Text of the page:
The Oracle (tm) Users' Co-Operative FAQ

How can I reclaim unusable fragments of space in a tablespace ?


Author's name: Norman Dunbar;

Author's Email: Oracle@bountifulsolutions.co.uk

Date written: 02/07/2001

Oracle version(s): 7.3.4 onwards

How do I go about reclaiming fragments of free space in my tablespaces and how can I avoid creating them in the first place.

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What is free space fragmentation?

Free space fragmentation is a situation that developes in a tablespace, where 'holes' appear in the tablespace. These holes are made up of free blocks, but no objects attempt to use them when they need to extend. They are created by the process of adding and deleting extents from the objects in the tablespace, where these objects have diferent initial and/or next extent sizes.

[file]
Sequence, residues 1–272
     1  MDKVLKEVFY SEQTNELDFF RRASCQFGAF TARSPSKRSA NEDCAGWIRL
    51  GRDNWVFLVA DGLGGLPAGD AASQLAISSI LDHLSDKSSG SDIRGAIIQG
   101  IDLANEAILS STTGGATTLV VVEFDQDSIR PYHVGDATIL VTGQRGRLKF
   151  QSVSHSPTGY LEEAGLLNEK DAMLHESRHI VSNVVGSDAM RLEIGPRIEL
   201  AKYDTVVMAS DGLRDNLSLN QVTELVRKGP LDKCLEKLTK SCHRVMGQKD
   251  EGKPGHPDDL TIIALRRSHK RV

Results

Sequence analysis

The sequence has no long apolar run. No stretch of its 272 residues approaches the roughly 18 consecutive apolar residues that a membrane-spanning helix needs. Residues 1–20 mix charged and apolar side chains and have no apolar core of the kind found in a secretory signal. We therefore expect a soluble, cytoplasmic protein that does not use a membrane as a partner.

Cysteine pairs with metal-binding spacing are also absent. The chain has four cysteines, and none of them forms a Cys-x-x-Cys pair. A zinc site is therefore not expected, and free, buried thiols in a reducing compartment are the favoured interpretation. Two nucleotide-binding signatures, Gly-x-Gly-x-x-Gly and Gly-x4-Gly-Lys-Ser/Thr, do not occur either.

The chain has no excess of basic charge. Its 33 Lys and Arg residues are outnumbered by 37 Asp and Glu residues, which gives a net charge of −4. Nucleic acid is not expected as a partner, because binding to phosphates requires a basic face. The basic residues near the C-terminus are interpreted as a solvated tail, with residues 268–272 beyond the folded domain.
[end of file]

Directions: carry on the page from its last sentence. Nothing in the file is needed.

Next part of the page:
Having the object or the tablespace use a non-zero pctincrease value is a great way to cause this problem as well. There is no known need to have the pctincrease setting anything other than zero.

An example of how to create FSF. Imagine a tablespace which is 100Mb in size, and has nothing in it. A table is then created with an initial size of 20Mb and a next size of 12 Mb, min extents is set to 6. This uses up 80Mb of the tablespace in one swoop. Next an table with a different extent size is created, say initial = 22M, next = 7M minextents = 1 and over a period of time, this table grows in size. Each time it grows it needs an extra 7M of space in the tablespace.